Optimising the efficiency of bridge surveys

Posted 6 November 2020

With thousands of bridges crossing rivers in the UK, ensuring the integrity of each of these structures is not always a straightforward task. 

Even understanding the condition of the bridge can become an obstacle, some of which are in inhospitable or challenging locations. According to New Civil Engineer, more than 3,000 council-managed road bridges have been identified as substandard between February 2019 -2020. 

The UK has a long heritage of bridge engineering. The industrial revolution placed Britain at the forefront of bridge design globally, and the Victorian period saw a spate of bridge-building, including thousands of railway bridges. Our ageing assets require more regular monitoring to ensure safety and prolong the lifespan. Skerne Bridge in Darlington is the world's oldest railway bridge in continuous use at 195 years old and was recently the subject of improvement works. There are many factors to consider when it comes to ensuring the integrity of these structures. 

Skerne Bridge, Darlington, Image Credit: Network Rail
Skerne Bridge, Darlington, Image Credit: Network Rail
Combined survey dataset
Combined survey dataset
Richmond, North Yorkshire
Richmond, North Yorkshire
Bridge survey data example
Bridge survey data example

Why can it be a challenge to survey bridges?

By their nature, bridges crossing rivers present a challenge to survey and inspect. Firstly, there is the clear fact that a portion of the structure is submerged.  When it comes to performing a survey, or remedial work, this means that different techniques or sensors are required. Bringing together the right expertise to perform an inspection above and below the waterline is not always a simple exercise. 

The second challenge is the location of the bridge and the resulting environmental factors. If the bridge crosses a fast-moving river or a river that is in a state of flood, this can cause additional difficulties. Not only is there the safety aspect associated with getting close to a bridge in these conditions, but but fast flowing water in shallow environments can cause aeration in the water column that results in noise when using acoustic instruments.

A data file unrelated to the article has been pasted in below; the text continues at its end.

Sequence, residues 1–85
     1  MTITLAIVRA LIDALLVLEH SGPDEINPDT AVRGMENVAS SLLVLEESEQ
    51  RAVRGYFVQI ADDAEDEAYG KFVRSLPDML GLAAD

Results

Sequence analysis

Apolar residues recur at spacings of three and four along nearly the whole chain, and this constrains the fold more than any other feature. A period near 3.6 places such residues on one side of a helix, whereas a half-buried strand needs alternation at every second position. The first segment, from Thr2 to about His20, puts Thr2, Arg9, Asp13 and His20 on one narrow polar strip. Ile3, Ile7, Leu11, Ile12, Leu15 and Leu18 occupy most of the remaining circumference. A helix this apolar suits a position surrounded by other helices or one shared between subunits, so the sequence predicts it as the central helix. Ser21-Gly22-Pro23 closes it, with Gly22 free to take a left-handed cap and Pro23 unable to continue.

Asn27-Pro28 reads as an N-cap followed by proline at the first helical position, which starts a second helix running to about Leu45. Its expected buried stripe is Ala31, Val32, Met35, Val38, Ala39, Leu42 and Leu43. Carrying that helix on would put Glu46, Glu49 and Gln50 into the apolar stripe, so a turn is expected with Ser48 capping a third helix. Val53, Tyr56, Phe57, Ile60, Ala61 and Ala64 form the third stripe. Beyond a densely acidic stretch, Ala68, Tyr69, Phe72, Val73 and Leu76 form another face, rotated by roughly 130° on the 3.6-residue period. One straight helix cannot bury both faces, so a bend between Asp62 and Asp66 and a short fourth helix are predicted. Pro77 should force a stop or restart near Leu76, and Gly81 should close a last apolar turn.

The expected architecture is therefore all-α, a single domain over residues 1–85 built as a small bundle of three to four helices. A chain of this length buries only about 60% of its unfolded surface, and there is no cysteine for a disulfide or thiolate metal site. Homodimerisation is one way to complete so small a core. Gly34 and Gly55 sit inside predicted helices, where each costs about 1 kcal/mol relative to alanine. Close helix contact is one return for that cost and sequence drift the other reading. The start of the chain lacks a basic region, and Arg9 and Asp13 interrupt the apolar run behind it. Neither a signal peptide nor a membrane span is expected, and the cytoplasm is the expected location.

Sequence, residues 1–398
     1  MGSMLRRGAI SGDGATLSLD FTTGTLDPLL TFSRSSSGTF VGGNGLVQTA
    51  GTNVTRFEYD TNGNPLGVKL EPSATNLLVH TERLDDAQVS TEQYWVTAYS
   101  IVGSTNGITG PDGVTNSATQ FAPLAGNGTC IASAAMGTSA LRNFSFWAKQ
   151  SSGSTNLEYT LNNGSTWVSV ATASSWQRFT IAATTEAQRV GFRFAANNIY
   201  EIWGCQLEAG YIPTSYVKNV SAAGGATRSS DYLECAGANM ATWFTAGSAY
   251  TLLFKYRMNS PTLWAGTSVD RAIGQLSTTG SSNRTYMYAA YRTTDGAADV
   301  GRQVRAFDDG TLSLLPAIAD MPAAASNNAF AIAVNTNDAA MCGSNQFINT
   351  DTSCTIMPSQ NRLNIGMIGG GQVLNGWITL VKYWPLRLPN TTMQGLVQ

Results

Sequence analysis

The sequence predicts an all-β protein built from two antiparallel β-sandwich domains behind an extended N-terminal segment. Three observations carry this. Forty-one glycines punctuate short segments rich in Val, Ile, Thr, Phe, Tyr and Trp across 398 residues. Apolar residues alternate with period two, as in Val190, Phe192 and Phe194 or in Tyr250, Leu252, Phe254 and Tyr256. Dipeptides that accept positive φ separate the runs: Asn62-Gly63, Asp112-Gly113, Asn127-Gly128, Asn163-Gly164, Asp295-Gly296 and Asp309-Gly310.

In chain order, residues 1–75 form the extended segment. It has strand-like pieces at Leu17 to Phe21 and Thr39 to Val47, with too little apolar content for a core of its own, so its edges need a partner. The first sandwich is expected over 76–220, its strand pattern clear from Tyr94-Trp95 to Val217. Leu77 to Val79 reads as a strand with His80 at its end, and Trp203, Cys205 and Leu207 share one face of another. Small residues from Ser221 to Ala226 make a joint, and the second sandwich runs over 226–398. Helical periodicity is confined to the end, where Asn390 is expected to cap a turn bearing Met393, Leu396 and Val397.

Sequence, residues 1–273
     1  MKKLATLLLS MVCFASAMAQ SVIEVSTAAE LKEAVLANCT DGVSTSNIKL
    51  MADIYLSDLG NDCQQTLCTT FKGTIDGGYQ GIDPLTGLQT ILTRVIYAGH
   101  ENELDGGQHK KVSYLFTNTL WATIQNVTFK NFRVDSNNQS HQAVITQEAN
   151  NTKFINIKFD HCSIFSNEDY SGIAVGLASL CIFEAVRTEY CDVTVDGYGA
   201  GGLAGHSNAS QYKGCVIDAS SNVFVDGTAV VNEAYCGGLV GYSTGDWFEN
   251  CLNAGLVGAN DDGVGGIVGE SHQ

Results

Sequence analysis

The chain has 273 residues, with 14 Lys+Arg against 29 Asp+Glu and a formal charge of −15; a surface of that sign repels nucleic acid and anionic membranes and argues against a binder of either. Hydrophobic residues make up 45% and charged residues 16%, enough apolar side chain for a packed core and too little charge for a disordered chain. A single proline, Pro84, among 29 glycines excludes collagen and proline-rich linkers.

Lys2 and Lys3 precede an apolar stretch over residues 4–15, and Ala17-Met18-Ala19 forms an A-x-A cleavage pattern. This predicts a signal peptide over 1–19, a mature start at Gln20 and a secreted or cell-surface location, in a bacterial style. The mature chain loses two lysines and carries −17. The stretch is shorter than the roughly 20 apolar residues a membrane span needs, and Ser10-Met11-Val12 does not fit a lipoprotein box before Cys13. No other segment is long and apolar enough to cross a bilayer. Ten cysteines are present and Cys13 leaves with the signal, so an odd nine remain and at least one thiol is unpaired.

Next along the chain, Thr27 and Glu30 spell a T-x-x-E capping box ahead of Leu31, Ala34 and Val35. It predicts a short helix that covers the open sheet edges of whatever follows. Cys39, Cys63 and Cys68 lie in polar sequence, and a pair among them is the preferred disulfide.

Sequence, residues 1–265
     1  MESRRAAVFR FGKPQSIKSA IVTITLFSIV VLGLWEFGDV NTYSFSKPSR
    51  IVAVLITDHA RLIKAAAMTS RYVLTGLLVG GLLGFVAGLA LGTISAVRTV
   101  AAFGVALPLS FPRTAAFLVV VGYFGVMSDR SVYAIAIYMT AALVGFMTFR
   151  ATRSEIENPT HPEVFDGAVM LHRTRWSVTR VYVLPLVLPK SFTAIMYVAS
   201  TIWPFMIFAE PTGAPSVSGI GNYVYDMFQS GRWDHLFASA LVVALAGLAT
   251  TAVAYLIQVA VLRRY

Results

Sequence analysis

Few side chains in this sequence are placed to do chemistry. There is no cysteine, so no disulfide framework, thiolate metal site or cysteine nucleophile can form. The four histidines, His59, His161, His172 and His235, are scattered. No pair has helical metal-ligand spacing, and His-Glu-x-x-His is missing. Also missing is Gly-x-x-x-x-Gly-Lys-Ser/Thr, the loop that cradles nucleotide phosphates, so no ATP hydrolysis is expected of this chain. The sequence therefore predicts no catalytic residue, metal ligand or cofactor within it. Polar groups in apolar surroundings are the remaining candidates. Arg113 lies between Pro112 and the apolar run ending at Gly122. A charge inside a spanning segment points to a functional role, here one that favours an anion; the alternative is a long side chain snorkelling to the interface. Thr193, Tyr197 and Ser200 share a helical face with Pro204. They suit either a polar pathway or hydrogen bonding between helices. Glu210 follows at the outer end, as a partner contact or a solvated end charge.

Another issue is around the management of the resulting data itself. For a busy asset management professional, it is essential that the information is easy to access, allows conclusions to be drawn, which can inform any follow on actions or remedial work. 

How can they be surveyed efficiently?

At SEP Hydrographic, we typically acquire Multibeam Bathymetry of the riverbed and combine this with 3D Scanning Sonar data of the bridge abutments and other vertical structures. For debris surveys, a high-frequency side scan sonar may also be used. This is then combined with terrestrial survey sensors, including LiDAR and photogrammetry, to provide a complete picture of the asset. 

For bridges crossing fast-flowing rivers, we would ideally aim to perform a survey when the water is moving at its slowest. Suppose the campaign seeks to identify or monitor potential flood damage. In that case, there are sensor deployment options available that are of lower safety impact, for example, crane deployment or Autonomous Surface Vessels (ASVs).

To present the resulting information in the best way, we've invested in an online data portal. Bringing together various datasets, the web-based system allows access to bridge survey data in a way that is simple to use and shared easily with relevant stakeholders. 

For more information about our bridge asset inspection services contact info@sephydrographic.com

Related Pages: Pulsar Static Acquisition Asset Inspection Survey Hydrographic and Geophysical Survey